“The only brown kid in town,” artist Jon Reinert was adopted from the Philippines at the age of three. Brought to the U.S., he spent his young life in a small, predominately white town in Missouri. Throughout this experience, the artist always felt a longing for his roots.

Today, in a small Los Angeles apartment, a massive expanse of cardboard — Reinert’s favorite medium — covers his wall. His art was inspired by his soul-searching trip to the Philippines. He decided to take a trip, to the city of his birth, the year after he graduated from DePaul University in Chicago. However, once the artist reached the Philippines, “all he saw was trash.” Expecting an awe-inspiring transformation of self, he was shocked by the amount of trash covering his country.

“It was a visceral moment,” Reinert said. “Here I was chasing my identity and all I found was garbage.”

He witnessed houses built up from trash and driftwood. “Innovation found poverty,” as Reinert said. Waste took on a new form.

Upon returning home, Jon obtained a position at a local Starbucks. Here, the recent grad was disturbed by the amount of trash being tossed on a daily basis, “We would stock the shelves and we would always toss all these gorgeous cardboard boxes in the alleyway. So, I got to a point where I just filled my car up with them,” he said. From there, Reinert made his first piece: a square, cardboard lamp.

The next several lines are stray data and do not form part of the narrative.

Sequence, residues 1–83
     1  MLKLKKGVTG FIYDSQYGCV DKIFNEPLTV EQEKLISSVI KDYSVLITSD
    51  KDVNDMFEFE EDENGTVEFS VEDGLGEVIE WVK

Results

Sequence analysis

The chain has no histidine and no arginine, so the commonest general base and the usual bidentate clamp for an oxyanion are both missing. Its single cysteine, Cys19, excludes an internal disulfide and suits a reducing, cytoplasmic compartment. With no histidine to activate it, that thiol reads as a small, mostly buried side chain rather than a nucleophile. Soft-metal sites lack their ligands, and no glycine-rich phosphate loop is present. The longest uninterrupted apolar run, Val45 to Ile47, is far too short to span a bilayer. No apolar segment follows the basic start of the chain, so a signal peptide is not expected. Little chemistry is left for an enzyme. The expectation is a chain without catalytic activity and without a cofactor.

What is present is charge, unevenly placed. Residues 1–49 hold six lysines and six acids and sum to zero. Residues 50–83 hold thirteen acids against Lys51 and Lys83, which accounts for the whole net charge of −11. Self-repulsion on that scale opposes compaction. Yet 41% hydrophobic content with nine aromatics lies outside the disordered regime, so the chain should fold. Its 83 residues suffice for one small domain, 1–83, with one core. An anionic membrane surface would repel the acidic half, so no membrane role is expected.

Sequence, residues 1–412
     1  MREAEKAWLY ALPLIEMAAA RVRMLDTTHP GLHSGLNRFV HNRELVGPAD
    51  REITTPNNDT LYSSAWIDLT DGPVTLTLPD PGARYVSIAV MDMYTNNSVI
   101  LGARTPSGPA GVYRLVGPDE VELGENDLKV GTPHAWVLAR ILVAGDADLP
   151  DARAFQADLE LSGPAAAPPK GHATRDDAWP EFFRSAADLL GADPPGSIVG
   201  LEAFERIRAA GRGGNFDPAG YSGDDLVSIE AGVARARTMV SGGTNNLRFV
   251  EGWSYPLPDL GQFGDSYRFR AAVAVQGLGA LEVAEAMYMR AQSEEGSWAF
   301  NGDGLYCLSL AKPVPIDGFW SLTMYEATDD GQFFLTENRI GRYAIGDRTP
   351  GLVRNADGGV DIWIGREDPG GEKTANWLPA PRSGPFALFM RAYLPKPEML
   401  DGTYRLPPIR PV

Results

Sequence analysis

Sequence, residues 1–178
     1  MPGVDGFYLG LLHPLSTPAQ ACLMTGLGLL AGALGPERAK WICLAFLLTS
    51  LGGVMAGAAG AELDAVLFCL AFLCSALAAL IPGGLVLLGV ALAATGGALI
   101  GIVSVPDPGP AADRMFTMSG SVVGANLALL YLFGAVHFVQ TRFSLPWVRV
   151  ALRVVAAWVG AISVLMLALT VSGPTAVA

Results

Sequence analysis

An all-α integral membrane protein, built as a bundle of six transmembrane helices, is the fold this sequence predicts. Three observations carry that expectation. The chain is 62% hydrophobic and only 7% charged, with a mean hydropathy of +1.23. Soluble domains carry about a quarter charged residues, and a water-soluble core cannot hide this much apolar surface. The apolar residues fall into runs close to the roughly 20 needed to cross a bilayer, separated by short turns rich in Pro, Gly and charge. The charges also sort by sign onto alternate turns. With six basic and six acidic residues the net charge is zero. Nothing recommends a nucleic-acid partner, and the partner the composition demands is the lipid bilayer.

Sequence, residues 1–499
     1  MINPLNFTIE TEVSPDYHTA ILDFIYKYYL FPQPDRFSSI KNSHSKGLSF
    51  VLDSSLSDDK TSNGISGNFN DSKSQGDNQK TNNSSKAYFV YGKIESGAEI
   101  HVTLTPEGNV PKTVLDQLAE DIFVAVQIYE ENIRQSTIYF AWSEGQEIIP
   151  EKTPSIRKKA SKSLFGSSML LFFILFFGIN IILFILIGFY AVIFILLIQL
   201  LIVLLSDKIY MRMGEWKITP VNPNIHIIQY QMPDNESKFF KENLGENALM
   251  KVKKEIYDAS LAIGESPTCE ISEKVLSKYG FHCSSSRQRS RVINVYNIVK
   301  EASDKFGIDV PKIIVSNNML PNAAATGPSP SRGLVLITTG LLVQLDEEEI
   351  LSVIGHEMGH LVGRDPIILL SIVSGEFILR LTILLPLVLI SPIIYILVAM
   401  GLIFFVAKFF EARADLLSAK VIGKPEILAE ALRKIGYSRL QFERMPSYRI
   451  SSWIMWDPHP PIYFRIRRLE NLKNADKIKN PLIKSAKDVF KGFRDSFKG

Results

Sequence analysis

After visiting to his home country in the Phillipines in search for self-identity, “It was a visceral moment,” Reinert said. “Here I was chasing my identity and all I found was garbage.”


What strikes viewers are how much of his journey from the Philippines to Missouri, back to the Philippines, and to your local Starbucks, really breathes life into his art. The companion to a piece titled, “The Ram” (“The Ram”  which he also calls “Cock and Balls”) was created out of frustration. Reinert had placed paint on the cardboard and wanted something beautiful to ooze from the black design. However, as he would lift up the folded cardboard, he would always be unhappy with the result. Frustrated, Reinert began to massage the folded cardboard.

“The paint was within the two layers of this massive piece of cardboard and here I was, massaging the piece, hoping to breathe life into it.” Low and behold, as he peeled back the layer, Jon found that something magical had happened; the paint had small grooves running through it, forming what looked to be “small capillaries or veins.” Life was literally running through his piece. Breathing and pawing for attention.